BSP eyes unified digital payments standard
The central bank wants a single unified standard adopted across the entire digital payments landscape in order to expedite the country’s transition to a “cash light” economy—a shift that has already received an impetus from the changes during the coronavirus pandemic.
Speaking to financial technology stakeholders recently, Bangko Sentral ng Pilipinas Gov. Benjamin Diokno said regulators were set to pursue more digital payment initiatives over the near term to promote interoperability among payment services that, in turn, would result in their more efficient use.
In particular, the central bank chief said he wanted the use of QR or “quick reaction” codes to become more widespread in different payment modes.
“From only person-to-person or P2P when it was launched in November 2019, [it] will soon include person-to-merchant or P2M payments,” he said. “Since accepting payments via QR [code] is simple and affordable, it is expected to benefit not only large business organizations but also the small unbanked vendors such as peddlers, sari-sari store owners and other entrepreneurs.”
Diokno also wants to use bill payment facilities—currently implemented individually by banks, companies and payment firms—to operate under a single standard.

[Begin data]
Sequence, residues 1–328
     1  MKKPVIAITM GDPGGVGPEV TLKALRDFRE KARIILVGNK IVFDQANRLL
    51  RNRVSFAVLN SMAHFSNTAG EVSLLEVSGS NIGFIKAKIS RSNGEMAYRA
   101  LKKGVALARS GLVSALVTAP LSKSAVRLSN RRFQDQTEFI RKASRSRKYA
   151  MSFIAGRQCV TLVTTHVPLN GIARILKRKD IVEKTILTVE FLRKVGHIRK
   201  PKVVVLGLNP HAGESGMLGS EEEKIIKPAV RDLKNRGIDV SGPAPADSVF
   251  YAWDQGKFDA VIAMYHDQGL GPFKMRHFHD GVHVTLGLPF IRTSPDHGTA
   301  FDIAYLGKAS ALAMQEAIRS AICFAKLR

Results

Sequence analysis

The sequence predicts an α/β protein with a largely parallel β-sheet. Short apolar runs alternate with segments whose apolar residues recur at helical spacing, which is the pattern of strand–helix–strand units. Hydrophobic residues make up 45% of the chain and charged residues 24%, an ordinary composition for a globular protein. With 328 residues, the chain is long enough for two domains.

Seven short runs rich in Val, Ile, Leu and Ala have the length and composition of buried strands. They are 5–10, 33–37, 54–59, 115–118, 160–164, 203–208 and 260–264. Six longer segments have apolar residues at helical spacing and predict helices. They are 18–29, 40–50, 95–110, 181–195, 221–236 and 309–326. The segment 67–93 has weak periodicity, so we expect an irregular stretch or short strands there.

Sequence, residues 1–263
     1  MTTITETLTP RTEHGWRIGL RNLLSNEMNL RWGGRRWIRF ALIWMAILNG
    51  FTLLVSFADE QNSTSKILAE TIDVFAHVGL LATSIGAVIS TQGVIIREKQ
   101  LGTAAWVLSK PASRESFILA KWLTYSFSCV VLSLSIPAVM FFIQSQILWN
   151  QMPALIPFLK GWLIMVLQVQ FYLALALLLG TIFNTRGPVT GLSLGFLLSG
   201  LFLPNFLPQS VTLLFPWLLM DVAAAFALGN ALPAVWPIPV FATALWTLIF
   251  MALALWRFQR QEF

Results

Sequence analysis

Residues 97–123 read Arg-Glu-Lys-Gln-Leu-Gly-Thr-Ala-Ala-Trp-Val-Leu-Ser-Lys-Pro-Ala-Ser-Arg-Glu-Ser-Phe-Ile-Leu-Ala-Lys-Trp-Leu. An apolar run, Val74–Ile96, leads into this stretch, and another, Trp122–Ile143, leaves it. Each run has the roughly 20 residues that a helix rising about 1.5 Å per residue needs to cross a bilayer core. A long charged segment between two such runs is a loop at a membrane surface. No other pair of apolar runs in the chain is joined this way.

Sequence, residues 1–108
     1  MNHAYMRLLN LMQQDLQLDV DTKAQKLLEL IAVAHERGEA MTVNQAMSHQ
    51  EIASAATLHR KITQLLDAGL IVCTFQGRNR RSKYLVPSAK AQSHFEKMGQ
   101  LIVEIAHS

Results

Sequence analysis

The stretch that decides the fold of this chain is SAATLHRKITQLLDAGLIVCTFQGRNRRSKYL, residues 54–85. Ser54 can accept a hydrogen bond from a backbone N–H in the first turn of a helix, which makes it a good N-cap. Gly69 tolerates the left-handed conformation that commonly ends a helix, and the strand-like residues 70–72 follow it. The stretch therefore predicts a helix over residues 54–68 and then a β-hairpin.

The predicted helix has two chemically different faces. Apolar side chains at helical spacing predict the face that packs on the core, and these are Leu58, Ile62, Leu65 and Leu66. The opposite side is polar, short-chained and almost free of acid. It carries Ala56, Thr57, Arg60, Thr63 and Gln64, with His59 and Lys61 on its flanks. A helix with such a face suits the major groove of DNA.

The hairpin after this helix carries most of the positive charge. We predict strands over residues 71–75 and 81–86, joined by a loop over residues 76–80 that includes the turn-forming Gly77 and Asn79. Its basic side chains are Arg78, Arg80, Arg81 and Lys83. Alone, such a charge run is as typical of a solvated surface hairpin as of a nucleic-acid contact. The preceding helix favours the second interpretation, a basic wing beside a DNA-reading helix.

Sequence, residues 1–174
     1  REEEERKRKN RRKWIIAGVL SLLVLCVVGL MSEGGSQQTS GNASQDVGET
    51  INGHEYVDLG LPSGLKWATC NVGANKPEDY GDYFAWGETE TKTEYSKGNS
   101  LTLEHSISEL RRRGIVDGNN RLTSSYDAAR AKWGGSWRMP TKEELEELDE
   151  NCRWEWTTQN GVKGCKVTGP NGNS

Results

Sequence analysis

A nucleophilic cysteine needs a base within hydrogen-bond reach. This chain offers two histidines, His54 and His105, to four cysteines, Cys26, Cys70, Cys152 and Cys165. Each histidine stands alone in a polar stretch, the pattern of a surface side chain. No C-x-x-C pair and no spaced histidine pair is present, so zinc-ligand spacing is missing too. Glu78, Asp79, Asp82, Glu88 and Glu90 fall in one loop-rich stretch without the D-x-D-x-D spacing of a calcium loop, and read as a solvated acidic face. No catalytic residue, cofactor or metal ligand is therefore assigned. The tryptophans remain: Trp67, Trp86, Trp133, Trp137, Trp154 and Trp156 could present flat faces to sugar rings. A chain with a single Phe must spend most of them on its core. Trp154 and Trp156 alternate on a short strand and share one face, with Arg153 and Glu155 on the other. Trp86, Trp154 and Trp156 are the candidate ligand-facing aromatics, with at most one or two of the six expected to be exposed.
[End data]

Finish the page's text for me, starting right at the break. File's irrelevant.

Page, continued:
“[This] aims to remove the inefficiencies associated with the current fragmented bills payment mechanisms,” he said. “The billers will be capable of collecting from their customers even if the payment service providers of the billers are different from those of the customers.”
Regulators also intend to create a more flexible way for businesses and consumers to make payments through the request-to-pay service.
“The payee will only need to send an electronic request for payment to the payer, showing how much is being requested for payment and when it falls due,” Diokno said.
Finally, the fourth initiative in the pipeline is the direct debit use case.
“Here, the payer sends the payee an electronic authority or mandate to draw funds directly from the payer’s account on a regular basis,” he said. “This case is ideal for recurring payments such as monthly rentals, periodic loan amortizations and quarterly insurance premiums.”
Diokno had earlier said that his personal goals as central bank governor included having not less than 50 percent of transactions, by volume and value, to be done digitally by the end of his term in 2023.
“With the pandemic, I am optimistic that this goal will be met even sooner,” he said. “This is consistent with my other vision of shifting from a cash-heavy to a cash-lite economy. The speed and breadth of digitalization are gaining momentum. And we want to push harder.”
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